It was also recommended that a full environmental impact assessment should be carried out prior to any commercial extraction of the offshore heavy minerals.
However, 22 years have passed since the completion of Phase 1 and the GSMB did not even attempt to launch Phase 11.
I would like to stress that the president, who is in charge of the GSMB, should investigate whether spending “more than Rs.100 million” from the “GSMB budgetary allocation” is justified and as to why the earlier projects undertaken by the GSD were not taken into account with follow-up work without starting the work a fresh
Recommendations and conclusions
In this short article, I have attempted to highlight the exploratory activities carried out by the GSD from the inception of the mineral survey of the island from 1903 to 1994 when this government institution was converted to a semi-government statutory body.
It must be stressed the GSD operated on a allocation of only Rs.6 million as compared with the GSMB, which is collecting royalties and other fees exceeding over Rs.1000 million. The staff of the GSD was only 13 geologists and one inspector of mines and later increased to about three with trainees, who never returned to Sri Lanka after their training period in the UK. The total staff of the GSD in 1994 was only 75, including the support staff.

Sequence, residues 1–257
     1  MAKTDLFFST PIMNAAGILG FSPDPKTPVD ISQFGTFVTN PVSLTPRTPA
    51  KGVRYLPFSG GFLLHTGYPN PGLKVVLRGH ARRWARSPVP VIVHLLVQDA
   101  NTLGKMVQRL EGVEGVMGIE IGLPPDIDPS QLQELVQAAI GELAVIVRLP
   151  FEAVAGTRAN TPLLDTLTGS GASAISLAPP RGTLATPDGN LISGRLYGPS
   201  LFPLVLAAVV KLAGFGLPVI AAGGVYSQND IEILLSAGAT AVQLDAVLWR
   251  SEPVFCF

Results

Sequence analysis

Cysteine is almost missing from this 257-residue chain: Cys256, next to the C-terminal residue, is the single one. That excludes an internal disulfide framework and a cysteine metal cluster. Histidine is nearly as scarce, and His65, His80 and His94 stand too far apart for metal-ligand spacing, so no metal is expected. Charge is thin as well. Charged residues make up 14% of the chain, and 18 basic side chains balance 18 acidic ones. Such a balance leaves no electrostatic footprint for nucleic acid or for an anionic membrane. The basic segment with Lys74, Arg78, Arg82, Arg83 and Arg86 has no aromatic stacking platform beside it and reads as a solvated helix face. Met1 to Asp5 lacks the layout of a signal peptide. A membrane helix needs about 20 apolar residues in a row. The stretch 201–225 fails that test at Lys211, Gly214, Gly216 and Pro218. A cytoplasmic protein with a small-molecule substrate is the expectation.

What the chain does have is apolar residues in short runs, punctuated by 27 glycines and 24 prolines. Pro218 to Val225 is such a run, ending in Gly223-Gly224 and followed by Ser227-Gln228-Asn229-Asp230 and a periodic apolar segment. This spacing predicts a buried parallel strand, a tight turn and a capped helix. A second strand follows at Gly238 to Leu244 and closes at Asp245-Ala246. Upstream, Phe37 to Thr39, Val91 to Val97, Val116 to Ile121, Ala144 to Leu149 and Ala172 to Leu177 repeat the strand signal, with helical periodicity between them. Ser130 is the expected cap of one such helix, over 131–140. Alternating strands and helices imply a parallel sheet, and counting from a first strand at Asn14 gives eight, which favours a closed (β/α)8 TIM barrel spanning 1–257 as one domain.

Today, the GSMB has about 14 regional offices spreading throughout the island with mining engineers as compared to only one inspector of mines, who controlled and regulated all mining activities in the country. I will leave it to the readers to judge the regularization and supervision of present mining including sand, rock and other materials with all the facilities and manpower of the present GSMB.
I wrote an article to Daily Mirror published on July 29, 2007, under the title ‘Critical Review of the Geological Survey and Mines Bureau (GSMB)’ and concluded, “The transformation of this department (GSD) to a semi-autonomous body has severely affected the regulatory functions of the state and also carrying out basic geological sciences in Sri Lanka.”